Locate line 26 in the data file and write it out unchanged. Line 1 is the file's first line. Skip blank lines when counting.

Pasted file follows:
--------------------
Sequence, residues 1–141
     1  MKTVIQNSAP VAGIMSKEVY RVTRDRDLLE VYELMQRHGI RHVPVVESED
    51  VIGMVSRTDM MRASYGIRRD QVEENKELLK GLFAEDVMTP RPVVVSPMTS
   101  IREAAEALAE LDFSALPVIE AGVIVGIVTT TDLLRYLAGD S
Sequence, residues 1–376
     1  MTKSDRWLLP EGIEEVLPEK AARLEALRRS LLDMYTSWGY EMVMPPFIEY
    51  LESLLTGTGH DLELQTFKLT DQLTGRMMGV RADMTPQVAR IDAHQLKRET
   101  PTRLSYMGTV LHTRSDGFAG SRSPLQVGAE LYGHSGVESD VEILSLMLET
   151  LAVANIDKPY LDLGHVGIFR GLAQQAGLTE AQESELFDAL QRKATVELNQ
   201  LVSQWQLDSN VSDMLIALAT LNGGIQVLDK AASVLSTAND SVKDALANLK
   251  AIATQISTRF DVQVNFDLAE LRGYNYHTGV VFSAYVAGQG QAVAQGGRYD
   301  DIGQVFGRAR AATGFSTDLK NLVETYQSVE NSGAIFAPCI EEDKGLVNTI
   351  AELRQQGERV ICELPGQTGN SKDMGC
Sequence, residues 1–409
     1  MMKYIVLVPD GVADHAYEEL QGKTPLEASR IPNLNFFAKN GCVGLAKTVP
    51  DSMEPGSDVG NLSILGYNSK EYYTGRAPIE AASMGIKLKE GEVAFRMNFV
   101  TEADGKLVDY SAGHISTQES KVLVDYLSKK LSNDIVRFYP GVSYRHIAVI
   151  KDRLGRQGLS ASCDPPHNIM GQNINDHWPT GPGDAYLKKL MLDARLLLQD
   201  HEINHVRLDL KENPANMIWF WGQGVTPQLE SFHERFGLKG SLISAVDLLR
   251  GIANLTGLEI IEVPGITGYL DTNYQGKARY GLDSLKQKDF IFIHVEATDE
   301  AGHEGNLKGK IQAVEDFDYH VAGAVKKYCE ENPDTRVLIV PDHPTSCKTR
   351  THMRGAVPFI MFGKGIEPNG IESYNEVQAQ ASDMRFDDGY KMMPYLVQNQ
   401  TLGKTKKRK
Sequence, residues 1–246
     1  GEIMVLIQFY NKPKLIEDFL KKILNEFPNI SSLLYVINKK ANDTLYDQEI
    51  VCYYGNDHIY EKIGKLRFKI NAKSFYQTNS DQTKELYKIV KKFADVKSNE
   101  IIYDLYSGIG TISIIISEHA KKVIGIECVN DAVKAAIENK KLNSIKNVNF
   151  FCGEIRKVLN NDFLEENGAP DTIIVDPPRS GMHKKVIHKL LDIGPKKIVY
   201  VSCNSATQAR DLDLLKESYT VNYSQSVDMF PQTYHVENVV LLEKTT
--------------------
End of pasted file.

    51  VCYYGNDHIY EKIGKLRFKI NAKSFYQTNS DQTKELYKIV KKFADVKSNE